Poivre Noir enriching the culinary space of Kigali city

Friday August 27 2021
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Grilled beef fillet sliced into medium-rare medallions, presented in fat-swirled beef juice. PHOTO | JEFFERSON RUMANYIKA


A wave of chef-owned and run restaurants is responsible for Kigali’s booming culinary scene. They have set up small but inspired restaurants and cafes serving fusion cuisine to cater to the evolving needs of Kigali’s ethnic diversity.

One such is Poivre Noir. It sits in Kigali’s gourmet capital, Kimihurura (8-minute drive from CBD).

Opened in 2015, the Bistronomie has since established a reputation as one of the best restaurants in the country, under chef-owner, John Goffin serving Belgian-French cuisine.

I order grilled shrimp with shrimp cream bisque and cured ham croquette as a first course, truffled char-grilled bone marrow with grilled beef fillet as second and butternut ravioli with white wine and tarragon cream sauce, mushroom and cheddar crumble for last.
Vibrant chorus

The grilled jumbo shrimp was delectably tender and buttery, with the gentle sweetness of the sea air brightened with the shrimps’ cream bisque and drops of truffle oil. The cured ham croquettes in a bed of fresh greens is ambrosial, with bits of prosciutto cured to perfection and breading outside.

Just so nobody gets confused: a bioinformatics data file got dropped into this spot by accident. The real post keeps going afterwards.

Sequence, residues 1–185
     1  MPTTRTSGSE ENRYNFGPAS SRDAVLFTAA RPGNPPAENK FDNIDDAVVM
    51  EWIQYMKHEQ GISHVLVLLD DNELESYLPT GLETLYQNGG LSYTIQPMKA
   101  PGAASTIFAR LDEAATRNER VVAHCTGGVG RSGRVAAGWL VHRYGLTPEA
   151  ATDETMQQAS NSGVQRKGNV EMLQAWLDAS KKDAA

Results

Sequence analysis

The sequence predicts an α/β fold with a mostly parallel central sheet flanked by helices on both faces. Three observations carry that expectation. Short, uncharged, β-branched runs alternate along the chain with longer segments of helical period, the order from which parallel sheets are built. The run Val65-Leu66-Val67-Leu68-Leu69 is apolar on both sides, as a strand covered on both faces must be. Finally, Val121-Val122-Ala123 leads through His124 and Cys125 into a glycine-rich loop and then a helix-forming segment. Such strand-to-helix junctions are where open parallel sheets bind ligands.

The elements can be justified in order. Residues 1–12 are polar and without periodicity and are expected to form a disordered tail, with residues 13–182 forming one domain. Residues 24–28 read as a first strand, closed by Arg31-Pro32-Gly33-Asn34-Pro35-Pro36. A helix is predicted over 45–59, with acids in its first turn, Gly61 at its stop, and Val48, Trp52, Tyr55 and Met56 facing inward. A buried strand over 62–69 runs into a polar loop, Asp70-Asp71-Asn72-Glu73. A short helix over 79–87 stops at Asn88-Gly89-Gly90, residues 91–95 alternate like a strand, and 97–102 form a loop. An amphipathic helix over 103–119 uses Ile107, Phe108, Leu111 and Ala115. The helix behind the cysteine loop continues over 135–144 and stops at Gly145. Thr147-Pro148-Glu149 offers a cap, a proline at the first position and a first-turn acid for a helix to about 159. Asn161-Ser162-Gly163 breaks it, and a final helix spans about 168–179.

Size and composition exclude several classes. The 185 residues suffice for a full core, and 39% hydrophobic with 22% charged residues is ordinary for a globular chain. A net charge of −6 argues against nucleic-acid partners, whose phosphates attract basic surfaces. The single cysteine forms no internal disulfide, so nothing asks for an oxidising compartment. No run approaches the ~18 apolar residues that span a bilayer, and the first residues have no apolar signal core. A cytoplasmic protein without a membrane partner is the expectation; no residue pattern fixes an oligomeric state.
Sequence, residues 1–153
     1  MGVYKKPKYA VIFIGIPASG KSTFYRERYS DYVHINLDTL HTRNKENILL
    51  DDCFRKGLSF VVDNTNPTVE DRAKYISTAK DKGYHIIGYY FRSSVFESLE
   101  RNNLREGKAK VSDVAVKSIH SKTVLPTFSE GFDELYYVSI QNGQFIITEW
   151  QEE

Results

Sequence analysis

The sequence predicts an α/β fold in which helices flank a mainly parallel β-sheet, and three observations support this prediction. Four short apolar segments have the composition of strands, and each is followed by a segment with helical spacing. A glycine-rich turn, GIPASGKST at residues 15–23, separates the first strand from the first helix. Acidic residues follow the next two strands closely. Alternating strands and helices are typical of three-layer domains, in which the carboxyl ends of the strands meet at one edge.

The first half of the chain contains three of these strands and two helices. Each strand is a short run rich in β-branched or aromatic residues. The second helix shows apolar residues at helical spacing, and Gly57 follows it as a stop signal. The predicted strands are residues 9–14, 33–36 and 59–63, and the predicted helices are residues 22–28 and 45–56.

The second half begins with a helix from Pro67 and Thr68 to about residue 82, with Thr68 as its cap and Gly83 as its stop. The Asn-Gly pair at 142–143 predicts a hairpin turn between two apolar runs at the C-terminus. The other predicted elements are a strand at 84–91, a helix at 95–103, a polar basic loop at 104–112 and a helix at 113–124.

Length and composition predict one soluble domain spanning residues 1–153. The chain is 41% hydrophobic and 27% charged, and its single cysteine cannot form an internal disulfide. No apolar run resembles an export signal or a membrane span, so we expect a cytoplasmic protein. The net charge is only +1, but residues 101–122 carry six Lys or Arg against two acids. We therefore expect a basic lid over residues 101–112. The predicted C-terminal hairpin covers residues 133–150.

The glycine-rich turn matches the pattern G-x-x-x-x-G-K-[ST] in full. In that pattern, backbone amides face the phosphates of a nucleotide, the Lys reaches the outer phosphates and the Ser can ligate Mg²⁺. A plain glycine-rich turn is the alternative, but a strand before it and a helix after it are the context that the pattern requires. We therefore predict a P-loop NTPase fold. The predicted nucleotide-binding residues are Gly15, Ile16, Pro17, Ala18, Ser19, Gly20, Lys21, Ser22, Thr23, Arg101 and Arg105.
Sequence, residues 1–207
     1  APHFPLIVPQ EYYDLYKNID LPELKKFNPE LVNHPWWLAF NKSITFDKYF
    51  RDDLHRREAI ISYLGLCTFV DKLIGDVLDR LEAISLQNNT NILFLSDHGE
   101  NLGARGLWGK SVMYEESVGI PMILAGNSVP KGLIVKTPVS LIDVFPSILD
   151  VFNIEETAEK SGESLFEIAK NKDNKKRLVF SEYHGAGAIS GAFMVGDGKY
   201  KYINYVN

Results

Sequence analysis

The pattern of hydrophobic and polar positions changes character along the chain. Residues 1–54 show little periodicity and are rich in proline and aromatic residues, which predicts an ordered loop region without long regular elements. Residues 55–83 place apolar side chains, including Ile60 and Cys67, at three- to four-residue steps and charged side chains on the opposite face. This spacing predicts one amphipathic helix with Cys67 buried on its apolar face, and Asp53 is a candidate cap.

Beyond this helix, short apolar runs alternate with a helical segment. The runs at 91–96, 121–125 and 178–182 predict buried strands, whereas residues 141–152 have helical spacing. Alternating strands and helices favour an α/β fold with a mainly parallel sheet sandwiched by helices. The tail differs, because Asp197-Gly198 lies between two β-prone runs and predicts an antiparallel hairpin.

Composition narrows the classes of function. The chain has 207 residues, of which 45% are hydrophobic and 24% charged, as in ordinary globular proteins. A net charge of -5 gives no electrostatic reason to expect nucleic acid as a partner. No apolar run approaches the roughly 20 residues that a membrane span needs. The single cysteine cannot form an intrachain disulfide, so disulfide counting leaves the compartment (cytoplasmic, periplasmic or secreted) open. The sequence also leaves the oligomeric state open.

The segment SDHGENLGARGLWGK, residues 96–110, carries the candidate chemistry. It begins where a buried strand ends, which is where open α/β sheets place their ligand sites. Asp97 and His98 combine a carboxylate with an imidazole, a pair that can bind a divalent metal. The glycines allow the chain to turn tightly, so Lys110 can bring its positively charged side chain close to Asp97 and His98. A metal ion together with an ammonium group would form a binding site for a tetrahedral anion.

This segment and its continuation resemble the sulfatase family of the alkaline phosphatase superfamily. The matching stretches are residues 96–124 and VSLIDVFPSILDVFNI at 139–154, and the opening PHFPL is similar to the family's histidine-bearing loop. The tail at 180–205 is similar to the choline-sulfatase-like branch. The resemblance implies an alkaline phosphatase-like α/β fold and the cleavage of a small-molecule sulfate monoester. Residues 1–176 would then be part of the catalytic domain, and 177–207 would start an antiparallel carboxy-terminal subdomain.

The truffled char-grilled bone marrow is lusciously fatty, tastes even more delectable spread on the crunchy toast served with it. The grilled beef fillet sliced into medium-rare medallions is juicy slightly salty, beefy, with a mellow edge of flavour thatched with caramelised onions, presented in fat-swirled beef juice.


The ravioli enfolded with rich, nutty sweetness of butternut is a luxurious meal in a bowl. Bathed in a creamy sauce, heady with white wine and liquoricey tarragon, combined with the earthy flavour of mushroom and tauntingly sharp buttery flavour of cheddar crumble, makes a vibrant chorus.